`versus 0.8%).`

`{pstd}`
`If native Americans were mixing around randomly, then we would expect much more`
`native American men marrying white women.`

`{pstd}`
`Apperently native American men still prefer native American women but because `
`there are so many more white women around he will still have a good chance of `
`eventually marrying a white women. `

`{pstd}`
`There is something mechanical about this, and it is common (in sociology) to want`
`to look at the pattern in the table nett of this influence of the marginal `
`distributions.`

`{pstd}`
`We could do this by looking at /*digr*/ , but here I want to show an alternative.`
`txt*/`

`//endslide ---------------------------------------------------------------------`

`//digr -------------------------------------------------------------------------`
`//title Odds ratios`
`//label odds ratios`
`// digression?`

`/*txt`
`{pstd}`
`The odds is the number of "successes" per "failure"`

`{pstd}`
`The odds ratio is a ratio of odds, and this measure of association is indpendent`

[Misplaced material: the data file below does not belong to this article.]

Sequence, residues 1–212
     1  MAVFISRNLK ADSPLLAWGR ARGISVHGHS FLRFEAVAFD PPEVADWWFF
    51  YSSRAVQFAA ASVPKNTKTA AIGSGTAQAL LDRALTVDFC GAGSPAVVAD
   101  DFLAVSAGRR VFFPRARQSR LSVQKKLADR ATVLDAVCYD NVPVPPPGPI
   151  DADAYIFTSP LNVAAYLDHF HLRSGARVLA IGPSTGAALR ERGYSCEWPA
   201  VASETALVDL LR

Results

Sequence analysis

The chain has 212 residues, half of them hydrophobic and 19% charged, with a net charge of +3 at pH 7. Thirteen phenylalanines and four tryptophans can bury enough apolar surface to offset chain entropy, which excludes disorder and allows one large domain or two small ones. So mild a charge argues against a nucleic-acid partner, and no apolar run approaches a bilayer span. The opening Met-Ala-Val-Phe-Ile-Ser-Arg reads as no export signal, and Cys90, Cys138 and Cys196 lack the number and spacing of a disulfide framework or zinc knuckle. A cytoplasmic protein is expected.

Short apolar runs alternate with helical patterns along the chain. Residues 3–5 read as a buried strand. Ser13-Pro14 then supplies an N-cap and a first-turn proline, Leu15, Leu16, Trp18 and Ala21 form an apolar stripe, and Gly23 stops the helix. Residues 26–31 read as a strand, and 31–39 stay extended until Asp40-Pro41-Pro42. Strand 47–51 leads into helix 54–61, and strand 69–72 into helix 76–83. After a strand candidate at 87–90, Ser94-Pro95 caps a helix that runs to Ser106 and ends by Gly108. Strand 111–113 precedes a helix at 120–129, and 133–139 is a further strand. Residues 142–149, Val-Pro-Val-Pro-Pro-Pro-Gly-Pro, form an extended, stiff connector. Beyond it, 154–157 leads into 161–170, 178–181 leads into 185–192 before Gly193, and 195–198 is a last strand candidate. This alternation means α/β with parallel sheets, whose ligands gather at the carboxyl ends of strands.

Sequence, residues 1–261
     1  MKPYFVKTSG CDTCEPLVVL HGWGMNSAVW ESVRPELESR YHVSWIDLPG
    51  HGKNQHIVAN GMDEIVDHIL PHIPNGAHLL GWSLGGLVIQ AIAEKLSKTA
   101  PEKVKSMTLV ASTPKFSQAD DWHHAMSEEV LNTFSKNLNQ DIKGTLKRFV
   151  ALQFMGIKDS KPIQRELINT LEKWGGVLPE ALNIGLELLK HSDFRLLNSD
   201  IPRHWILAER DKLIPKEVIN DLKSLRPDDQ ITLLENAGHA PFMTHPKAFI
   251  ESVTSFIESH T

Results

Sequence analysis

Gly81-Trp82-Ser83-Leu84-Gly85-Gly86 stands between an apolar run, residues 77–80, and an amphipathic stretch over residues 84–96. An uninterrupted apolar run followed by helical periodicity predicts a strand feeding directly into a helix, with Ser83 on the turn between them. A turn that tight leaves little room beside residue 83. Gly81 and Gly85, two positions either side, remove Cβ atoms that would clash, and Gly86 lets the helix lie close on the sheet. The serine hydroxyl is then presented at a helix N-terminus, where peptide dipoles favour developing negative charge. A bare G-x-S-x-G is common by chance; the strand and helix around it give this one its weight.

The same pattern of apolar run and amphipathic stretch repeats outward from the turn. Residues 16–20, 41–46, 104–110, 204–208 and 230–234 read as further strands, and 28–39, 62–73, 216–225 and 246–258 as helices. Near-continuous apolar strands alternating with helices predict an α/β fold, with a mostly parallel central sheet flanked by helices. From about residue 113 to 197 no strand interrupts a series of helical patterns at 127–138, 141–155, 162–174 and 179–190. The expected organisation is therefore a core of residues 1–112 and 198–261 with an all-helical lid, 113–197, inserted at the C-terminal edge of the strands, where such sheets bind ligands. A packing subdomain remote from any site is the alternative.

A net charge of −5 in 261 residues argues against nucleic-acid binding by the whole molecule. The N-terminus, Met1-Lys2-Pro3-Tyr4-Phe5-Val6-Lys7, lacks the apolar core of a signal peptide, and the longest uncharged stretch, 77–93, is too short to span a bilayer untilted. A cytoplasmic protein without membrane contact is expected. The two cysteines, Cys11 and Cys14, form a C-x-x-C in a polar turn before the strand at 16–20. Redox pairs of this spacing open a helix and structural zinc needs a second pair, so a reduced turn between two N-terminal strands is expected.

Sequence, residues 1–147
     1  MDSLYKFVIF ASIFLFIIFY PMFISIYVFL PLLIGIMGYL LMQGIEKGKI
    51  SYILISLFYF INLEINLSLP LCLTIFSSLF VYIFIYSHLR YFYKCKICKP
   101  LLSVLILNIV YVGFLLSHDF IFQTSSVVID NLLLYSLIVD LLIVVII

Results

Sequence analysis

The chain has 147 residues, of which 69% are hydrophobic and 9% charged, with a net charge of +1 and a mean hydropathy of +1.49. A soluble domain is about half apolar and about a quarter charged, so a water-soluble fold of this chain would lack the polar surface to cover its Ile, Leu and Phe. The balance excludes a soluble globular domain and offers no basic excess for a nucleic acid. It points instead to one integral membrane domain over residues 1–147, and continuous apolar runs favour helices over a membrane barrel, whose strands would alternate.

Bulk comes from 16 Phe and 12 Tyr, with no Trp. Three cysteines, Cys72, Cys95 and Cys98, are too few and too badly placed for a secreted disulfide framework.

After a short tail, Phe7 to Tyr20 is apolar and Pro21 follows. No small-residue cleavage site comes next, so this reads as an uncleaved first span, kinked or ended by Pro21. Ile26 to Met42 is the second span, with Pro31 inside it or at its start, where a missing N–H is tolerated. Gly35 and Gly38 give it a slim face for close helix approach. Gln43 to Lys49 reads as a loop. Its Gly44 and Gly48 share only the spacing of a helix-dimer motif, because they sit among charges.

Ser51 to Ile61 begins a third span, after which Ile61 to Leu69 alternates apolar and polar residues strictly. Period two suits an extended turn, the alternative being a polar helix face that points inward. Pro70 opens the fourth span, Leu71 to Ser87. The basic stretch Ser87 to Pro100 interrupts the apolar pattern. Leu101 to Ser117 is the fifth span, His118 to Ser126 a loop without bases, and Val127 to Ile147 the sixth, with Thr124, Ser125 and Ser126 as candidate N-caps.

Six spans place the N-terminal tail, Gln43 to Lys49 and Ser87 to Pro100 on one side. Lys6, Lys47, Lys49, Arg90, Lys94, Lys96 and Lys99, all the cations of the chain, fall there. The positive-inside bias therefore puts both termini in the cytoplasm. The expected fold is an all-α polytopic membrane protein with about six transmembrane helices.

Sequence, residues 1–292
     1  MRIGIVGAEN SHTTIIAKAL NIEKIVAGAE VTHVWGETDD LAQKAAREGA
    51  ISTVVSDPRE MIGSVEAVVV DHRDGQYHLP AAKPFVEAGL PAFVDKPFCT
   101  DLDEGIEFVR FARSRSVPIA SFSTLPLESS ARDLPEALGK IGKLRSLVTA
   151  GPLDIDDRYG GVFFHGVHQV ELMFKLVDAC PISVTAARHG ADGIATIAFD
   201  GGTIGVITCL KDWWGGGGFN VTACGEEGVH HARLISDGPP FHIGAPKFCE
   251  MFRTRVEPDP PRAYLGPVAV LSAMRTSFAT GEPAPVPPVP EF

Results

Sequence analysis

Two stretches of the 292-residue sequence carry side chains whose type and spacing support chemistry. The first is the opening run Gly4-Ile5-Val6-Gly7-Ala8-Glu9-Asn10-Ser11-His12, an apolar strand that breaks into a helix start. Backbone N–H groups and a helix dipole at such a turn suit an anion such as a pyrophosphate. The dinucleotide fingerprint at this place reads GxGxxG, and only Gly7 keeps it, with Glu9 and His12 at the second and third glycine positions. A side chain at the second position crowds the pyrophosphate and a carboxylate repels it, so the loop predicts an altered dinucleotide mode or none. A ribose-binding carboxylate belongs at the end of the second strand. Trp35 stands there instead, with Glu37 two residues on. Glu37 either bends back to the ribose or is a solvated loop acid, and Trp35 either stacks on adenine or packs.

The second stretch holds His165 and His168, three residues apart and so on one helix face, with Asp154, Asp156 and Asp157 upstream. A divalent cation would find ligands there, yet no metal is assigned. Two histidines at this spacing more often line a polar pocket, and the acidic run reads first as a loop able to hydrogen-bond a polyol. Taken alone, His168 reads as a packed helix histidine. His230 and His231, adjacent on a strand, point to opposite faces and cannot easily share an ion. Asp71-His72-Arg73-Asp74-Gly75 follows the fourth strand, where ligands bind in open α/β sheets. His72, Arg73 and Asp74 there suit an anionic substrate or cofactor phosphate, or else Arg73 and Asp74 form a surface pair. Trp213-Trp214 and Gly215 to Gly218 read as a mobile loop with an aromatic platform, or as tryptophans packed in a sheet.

`of the marginal distributions`
`txt*/`

`//ex`
`tab racem racef [fw=freq] if marcoh == 2010`
`di 59227 / 59096`
`di 61383 / 11842951`
`di (59227 / 59096)/(61383 / 11842951)`
`//endex`

`/*txt`
`{pstd}`
`In this case we find about 1 native american man marrying a native american women`
`for every native american man marrying a white women `

`{pmore}`
`odds of marrying a native american women compared to a white women is "only" 1 `
`for native american man`

`{pstd}`
`We find about 0.005 white man marrying a native american women for every white `
`man marrying a white women. `

`{pmore}`
`odds of marrying a native american women compared to a white women is 0.05 for `
`white man.`

`{pstd}`
`The odds of marrying a native american women compared to a white women is 193 `
`times larger for native American man than for white man. `

`txt*/`

`//enddigr ----------------------------------------------------------------------`